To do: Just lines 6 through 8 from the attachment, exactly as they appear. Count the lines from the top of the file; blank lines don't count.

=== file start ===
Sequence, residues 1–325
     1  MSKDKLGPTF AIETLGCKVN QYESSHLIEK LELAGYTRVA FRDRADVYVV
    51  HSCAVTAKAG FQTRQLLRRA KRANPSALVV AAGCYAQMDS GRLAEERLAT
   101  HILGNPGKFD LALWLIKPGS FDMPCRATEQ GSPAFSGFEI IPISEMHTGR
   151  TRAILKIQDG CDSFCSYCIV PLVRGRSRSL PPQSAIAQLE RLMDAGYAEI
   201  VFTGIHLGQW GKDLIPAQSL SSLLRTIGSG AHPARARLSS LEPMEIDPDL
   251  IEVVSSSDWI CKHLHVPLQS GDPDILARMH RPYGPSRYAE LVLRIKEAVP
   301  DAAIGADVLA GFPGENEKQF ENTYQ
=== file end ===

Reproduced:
   201  VFTGIHLGQW GKDLIPAQSL SSLLRTIGSG AHPARARLSS LEPMEIDPDL
   251  IEVVSSSDWI CKHLHVPLQS GDPDILARMH RPYGPSRYAE LVLRIKEAVP
   301  DAAIGADVLA GFPGENEKQF ENTYQ